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As of this writing, Alameda restaurants are open for pick-up and takeout but not open for dining in. But as we’re reopening in a phased approach, eventually we will open our dining room doors again.

When we do, it’s important to know that “open” isn’t as easy as flipping a switch. There are some things you should keep in mind that will help your customers feel welcome and safe. These things go beyond what a local or county ordinance requires of you. But they’ll go a long way in helping your customers choose you over the competition.


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Deal with Wait Times Proactively

If you’re in the restaurant industry, you’ve managed through dining room closures. The next step will be dine-in options with limited capacity, and eventually a complete reopening at 100% capacity. 

If Alameda follows what much of the country is seeing when it reopens, when we reach 100% capacity, crowds may be the biggest concern. Many people have been waiting anxiously for that moment, including restaurant and bar owners. When crowds show up, while it means long-awaited revenue for the restaurants, it can also have the potential for two things that you don’t want: crowding and aggravation.

As great as it is to have the business, if you don’t do something about wait times, your customers may not come back. The crowd is fickle that way. You want to give them great food and a great experience. Three-hour waits are not the way to do that.

While thinking about this may feel like fantasizing about your child winning an Olympic medal in running when they’re just learning how to walk, there is one reason you should be thinking about reopening and it’s not revenue.

Reopening procedures may require a lot of changes on your end so thinking about them now is not too early. It will help you be better prepared and may help you process when complete reopening is feasible for your operation. If you don’t plan early, you may not be ready.

Brainstorm ways to handle a long wait time by implementing pagers, playing live music (for entertainment), extending your bar service to waiting areas (law allowing), conducting trivia games in the waiting area, placing benches outside, implementing reservations or call ahead seating, or some other creative way to lessen the danger of a crowd and the frustration behind a long wait.

Use Temporary Menus

It’s something most of us never thought about before COVID, but there are a lot of hands on menus. That’s why many restaurants have switched to one of the following for their menus:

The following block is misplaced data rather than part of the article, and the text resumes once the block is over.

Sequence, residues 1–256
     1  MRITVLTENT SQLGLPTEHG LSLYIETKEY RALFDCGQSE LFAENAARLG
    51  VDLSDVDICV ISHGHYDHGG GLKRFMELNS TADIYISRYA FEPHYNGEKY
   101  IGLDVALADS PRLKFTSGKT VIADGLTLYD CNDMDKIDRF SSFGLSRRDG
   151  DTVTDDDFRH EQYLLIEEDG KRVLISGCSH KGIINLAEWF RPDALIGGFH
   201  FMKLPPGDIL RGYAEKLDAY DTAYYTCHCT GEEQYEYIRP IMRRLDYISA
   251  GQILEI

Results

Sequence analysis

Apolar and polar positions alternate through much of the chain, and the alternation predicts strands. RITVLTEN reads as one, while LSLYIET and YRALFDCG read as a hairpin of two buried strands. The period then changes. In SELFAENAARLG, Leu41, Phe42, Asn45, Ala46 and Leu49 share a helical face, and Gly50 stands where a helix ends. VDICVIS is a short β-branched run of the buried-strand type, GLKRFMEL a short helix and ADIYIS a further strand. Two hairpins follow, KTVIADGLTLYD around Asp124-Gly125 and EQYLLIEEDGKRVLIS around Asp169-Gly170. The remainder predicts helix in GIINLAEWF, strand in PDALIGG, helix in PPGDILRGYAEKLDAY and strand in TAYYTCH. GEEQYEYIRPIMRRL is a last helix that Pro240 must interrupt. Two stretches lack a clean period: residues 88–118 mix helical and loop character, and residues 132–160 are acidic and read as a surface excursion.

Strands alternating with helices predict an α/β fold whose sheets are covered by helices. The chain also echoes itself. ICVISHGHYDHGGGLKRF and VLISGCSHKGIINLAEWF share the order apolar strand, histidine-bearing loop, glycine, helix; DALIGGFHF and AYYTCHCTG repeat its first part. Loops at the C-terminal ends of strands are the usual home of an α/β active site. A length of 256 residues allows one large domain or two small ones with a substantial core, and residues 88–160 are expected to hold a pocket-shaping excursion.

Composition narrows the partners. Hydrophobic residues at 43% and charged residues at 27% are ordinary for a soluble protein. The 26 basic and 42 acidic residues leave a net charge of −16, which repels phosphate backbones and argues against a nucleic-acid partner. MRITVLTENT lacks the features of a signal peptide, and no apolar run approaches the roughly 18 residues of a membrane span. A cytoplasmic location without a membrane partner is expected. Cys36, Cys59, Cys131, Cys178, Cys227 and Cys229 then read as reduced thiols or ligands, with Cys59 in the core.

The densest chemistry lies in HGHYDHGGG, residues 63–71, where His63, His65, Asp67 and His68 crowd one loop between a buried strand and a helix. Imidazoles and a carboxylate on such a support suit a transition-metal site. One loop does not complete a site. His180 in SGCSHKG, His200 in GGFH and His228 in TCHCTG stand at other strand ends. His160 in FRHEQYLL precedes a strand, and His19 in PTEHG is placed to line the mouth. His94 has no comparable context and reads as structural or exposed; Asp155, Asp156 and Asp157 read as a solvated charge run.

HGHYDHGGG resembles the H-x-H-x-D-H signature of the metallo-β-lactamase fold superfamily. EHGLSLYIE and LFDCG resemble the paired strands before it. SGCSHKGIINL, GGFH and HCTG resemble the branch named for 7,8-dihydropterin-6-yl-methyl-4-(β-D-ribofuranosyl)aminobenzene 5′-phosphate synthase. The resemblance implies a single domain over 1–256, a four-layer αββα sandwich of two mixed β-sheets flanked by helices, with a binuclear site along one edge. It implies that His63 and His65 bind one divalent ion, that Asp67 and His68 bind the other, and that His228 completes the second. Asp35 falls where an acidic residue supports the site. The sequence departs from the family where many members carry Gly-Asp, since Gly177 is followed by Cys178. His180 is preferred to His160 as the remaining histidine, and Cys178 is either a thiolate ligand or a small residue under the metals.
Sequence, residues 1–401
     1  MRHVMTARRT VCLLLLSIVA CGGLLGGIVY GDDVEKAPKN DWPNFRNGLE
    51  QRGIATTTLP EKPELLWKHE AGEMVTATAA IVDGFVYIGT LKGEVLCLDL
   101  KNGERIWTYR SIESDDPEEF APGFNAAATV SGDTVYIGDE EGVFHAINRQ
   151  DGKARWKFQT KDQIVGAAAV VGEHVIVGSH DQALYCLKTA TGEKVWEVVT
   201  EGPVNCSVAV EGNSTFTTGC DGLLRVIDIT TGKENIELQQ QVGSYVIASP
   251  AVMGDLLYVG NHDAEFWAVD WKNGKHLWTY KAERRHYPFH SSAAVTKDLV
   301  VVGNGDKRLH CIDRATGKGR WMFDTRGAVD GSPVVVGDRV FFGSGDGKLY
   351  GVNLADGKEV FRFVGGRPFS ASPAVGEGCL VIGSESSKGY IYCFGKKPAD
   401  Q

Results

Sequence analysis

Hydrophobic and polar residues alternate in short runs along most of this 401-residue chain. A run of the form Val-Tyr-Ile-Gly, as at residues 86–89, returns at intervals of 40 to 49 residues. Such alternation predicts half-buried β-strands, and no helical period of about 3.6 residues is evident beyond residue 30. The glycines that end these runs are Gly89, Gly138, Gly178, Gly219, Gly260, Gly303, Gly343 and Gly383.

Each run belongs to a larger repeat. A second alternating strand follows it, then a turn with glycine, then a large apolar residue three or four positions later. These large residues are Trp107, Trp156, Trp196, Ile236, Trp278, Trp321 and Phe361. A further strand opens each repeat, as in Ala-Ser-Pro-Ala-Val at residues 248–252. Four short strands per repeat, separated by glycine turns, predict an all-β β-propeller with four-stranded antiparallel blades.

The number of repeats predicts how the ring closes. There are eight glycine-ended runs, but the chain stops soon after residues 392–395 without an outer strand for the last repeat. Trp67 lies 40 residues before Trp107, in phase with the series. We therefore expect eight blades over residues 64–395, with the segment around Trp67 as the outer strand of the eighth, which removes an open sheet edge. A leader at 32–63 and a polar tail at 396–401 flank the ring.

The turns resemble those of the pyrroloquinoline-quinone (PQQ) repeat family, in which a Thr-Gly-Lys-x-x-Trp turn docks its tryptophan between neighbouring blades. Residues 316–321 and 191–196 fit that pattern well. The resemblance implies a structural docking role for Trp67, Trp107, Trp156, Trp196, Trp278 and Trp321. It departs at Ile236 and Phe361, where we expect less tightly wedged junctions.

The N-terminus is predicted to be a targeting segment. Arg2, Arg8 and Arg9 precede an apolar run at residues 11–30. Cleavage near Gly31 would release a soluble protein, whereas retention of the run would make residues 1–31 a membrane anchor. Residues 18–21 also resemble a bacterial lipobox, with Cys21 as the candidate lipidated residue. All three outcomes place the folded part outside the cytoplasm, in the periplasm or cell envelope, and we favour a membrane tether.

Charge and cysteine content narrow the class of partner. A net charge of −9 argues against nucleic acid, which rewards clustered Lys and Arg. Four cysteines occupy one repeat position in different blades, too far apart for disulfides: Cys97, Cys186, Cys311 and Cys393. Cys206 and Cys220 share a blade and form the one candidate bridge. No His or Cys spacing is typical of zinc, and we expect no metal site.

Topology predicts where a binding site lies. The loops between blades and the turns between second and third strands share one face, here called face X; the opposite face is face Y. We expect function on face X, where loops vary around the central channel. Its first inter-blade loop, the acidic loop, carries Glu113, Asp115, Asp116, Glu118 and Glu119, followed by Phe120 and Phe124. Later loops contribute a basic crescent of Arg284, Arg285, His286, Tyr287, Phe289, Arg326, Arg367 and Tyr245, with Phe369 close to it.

• QR code menus that are accessed through a phone.
  • Chalkboard menus posted at each table or visible from each table.
  • Disposable paper menus that are thrown away between patrons.
  • Laminated menus that are wiped down between customers.

Even at full capacity, it is a good idea to limit touchpoints between patrons.


Gone are the tableside containers of ketchup, salt, pepper, sugar, and other condiments. Most restaurants are using disposable single-serve containers. However, wiping down with wipes between patrons accomplishes the same thing with less waste. Make sure customers know this is part of your hygiene practice.


Before fully opening, walk through your establishment as a customer would. Pay special attention to high traffic area like the hostess desk. Look for ways to minimize congestion like implementing one-way ins and outs. You can use technology to ensure people have a place in line without crowding the hostess platform. Ask people to pay at their tables, not at a central cash register.

Create a plan for and checklist of all surfaces your staff and guests will come in contact with. Note especially traveled areas or touchpoints like handrails. Train your staff on cleaning these surfaces. Prepare procedures for elevated cleaning and sanitizing of these surfaces and a schedule to accomplish it efficiently. In the past, cleaning might’ve distracted from the dining experience. Today, it makes people feel safe. 

Learn Best Practices

There are a lot of resources out there for restaurant owners such as the Alameda Chamber and our Restaurant & Bar Coalition, the Small Business Administration, the City, and other local business organizations (including the chamber) have a lot of resources for your business. Some even have webinars on best practices related to your industry. They are usually low-cost or free.

The CDC also has a special section dedicated to restaurants and bars. It’s beneficial to take the time to learn from them. You can also consult this posting from the Restaurant Association that gives information on each state. These too, are worth perusing as you may decide you want to incorporate a best practice from another state in your operation.

While the restaurant industry has faced a lot of changes over the past six months, it’s likely that the way they serve may continue to evolve over the next year. Reaching 100% capacity doesn’t mean a return to normal. You still need to be concerned about infection. One employee or guest could jeopardize your whole operation. 

Welcome your new guests but understand open doesn’t mean pre-COVID lifestyles. It’s likely we’ll need to keep up these safety protocols for a while. Whenever possible, showcase your concern for your diners. They’ll reward you with their loyalty.